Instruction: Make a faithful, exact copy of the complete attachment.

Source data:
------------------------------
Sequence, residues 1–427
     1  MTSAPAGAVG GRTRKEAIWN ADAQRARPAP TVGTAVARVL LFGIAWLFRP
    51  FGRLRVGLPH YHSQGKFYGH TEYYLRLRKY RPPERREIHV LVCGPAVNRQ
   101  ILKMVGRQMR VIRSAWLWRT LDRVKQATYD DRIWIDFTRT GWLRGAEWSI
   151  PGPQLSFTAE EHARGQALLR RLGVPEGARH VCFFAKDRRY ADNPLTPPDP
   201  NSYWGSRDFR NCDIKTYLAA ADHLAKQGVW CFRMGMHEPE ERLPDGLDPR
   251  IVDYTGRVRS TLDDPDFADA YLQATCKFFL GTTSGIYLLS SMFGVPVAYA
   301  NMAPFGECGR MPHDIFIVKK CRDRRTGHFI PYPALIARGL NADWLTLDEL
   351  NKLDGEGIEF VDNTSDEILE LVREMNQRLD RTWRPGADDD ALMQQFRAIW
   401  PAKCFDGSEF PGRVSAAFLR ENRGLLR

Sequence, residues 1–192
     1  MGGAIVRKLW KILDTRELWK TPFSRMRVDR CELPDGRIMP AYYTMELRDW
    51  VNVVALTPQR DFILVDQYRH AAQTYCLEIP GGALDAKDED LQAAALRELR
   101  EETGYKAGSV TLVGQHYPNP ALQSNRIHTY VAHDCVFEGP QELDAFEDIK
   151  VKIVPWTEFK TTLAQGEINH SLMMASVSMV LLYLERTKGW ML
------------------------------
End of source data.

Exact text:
Sequence, residues 1–427
     1  MTSAPAGAVG GRTRKEAIWN ADAQRARPAP TVGTAVARVL LFGIAWLFRP
    51  FGRLRVGLPH YHSQGKFYGH TEYYLRLRKY RPPERREIHV LVCGPAVNRQ
   101  ILKMVGRQMR VIRSAWLWRT LDRVKQATYD DRIWIDFTRT GWLRGAEWSI
   151  PGPQLSFTAE EHARGQALLR RLGVPEGARH VCFFAKDRRY ADNPLTPPDP
   201  NSYWGSRDFR NCDIKTYLAA ADHLAKQGVW CFRMGMHEPE ERLPDGLDPR
   251  IVDYTGRVRS TLDDPDFADA YLQATCKFFL GTTSGIYLLS SMFGVPVAYA
   301  NMAPFGECGR MPHDIFIVKK CRDRRTGHFI PYPALIARGL NADWLTLDEL
   351  NKLDGEGIEF VDNTSDEILE LVREMNQRLD RTWRPGADDD ALMQQFRAIW
   401  PAKCFDGSEF PGRVSAAFLR ENRGLLR

Sequence, residues 1–192
     1  MGGAIVRKLW KILDTRELWK TPFSRMRVDR CELPDGRIMP AYYTMELRDW
    51  VNVVALTPQR DFILVDQYRH AAQTYCLEIP GGALDAKDED LQAAALRELR
   101  EETGYKAGSV TLVGQHYPNP ALQSNRIHTY VAHDCVFEGP QELDAFEDIK
   151  VKIVPWTEFK TTLAQGEINH SLMMASVSMV LLYLERTKGW ML